Monday, August 20, 2007

One Little Secret

I first met Allison Bottke at the Write-to-Publish conference in Illinois a few years back. Today I’m reviewing her book, One Little Secret. Tomorrow, I’ll hop back on the loop of the CSFF blogtour.

For a boomer babe new to chick-lit and new to So Cal where the story takes place, I enjoyed One Little Secret. The plot centers around Ursula Rhoades, a middle-class, educated boomer chick with an almost perfect family. Ursula’s life is comfy—until a secret silently sows pandemonium.

Ursula typifies the submitted, steadfast Christian mom and wife who places family above her own dreams. But when an opportunity opens for her to fulfill a latent dream, she begins recording an album with a famous, “sexy dude” rock star—incognito. Meanwhile, her own husband is caught up in his own ambitions as a lawyer—and is away for several months on a case. So are the kids. Ursula is quite alone. Quite the set-up for trouble.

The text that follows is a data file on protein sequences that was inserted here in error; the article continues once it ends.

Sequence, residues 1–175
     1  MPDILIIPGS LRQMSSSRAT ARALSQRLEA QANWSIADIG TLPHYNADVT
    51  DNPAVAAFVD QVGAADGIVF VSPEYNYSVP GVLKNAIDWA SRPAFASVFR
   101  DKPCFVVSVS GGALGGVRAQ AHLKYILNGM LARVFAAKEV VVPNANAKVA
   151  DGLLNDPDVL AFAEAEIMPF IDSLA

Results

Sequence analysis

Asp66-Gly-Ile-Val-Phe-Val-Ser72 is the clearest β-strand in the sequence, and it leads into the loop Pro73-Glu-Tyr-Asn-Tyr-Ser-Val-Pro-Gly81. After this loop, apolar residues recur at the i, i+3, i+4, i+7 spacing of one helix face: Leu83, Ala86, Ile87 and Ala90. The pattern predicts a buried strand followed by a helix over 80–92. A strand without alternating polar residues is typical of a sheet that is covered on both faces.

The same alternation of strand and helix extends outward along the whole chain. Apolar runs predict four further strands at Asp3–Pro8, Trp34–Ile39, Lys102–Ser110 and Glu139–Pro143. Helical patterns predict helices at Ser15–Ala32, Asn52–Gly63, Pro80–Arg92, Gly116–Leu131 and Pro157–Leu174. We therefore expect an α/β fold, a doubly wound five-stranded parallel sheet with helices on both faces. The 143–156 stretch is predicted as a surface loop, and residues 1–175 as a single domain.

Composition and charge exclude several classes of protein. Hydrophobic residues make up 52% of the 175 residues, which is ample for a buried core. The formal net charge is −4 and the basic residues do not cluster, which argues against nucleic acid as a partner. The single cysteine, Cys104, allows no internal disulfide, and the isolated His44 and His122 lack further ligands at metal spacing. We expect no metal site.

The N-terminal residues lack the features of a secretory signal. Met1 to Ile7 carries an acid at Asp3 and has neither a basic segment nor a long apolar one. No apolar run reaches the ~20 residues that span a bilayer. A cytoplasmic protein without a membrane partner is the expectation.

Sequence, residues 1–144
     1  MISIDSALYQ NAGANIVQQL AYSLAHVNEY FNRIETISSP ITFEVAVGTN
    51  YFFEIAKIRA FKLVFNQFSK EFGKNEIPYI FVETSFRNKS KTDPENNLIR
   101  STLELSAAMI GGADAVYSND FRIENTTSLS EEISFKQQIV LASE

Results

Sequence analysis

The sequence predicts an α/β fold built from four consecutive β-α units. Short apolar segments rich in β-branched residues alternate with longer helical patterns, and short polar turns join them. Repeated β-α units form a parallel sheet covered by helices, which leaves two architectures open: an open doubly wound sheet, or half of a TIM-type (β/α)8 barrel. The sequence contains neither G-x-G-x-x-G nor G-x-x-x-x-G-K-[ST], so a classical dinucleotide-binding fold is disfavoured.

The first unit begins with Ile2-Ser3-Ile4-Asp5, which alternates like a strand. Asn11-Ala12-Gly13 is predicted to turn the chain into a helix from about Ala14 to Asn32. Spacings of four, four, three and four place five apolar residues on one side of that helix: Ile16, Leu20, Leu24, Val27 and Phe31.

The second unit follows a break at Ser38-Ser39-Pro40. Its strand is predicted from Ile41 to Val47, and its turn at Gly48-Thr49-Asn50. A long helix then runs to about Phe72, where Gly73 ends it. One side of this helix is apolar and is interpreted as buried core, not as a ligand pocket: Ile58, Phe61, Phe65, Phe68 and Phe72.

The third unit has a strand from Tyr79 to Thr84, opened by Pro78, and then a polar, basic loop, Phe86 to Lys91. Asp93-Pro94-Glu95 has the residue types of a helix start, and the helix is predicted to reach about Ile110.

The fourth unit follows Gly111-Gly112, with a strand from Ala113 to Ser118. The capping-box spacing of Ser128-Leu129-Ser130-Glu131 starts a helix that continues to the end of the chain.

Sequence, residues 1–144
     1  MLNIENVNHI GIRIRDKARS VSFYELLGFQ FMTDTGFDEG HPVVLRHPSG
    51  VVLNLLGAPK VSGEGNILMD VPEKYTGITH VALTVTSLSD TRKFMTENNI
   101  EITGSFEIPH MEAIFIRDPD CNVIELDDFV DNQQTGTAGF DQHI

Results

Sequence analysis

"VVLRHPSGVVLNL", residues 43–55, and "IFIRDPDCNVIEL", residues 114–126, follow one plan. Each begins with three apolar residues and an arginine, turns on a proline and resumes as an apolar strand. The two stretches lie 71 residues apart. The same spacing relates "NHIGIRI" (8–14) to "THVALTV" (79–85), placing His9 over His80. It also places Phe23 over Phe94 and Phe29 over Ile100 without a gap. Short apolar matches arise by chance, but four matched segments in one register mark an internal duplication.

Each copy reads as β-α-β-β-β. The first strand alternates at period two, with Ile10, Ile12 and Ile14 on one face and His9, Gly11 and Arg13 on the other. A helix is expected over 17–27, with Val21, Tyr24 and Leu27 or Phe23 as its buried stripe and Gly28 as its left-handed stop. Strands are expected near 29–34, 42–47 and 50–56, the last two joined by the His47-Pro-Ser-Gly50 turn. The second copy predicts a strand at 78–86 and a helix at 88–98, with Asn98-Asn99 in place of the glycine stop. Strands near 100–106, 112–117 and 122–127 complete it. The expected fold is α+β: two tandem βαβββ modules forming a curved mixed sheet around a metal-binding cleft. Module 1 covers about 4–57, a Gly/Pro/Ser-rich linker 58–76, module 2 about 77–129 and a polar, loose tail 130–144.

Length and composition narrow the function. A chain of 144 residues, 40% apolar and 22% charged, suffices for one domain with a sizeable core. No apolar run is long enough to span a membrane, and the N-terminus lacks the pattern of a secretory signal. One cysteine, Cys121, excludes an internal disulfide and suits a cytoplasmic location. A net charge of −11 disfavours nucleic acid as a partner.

Although Ursula appears spiritually solid, some of her behavior leaves us questioning her maturity—and turning pages. For example, Ursula is often alone with Nik, and there is a clear, although controlled, play of chemistry between them in spite of their age-difference. While Ursula never betrays her marital status, she does put herself in precarious situations. At one point, Nik turns up at her house at 5am where she is all alone—and has been for weeks, making her vulnerable. Ursula invites him in. Not a wise move—especially since Nik is attracted to Ursula.

This kind of predicament keeps the tension rising as the reader wonders if Ursula will, in fact, cross the line. Some would argue that she already crosses the line by ignoring God’s mandate to “abstain from all appearance of evil.” Whatever viewpoint you take, from the angle of plot only, the dilemma keeps us turning pages—albeit with a bit of a “tut, tut!”

Bottke is generous with detail. I enjoyed the décor in Ursula and Don’s bedroom (my favorite color), and some of Ursula’s footwear sound gorgeous. Nothing is spared to show the opulence of Hollywood and riches. (On a personal note, since living in So Cal near some the world’s richest people while working with some of the poorest, the paradox often leaves me perplexed!). So, if you’re into boomer chick lit intrigued by glitz and Hollywood, you might want to give this book a try. I think you’ll enjoy it! You can order it on And while you're there, check out Allison's U-Turn series.

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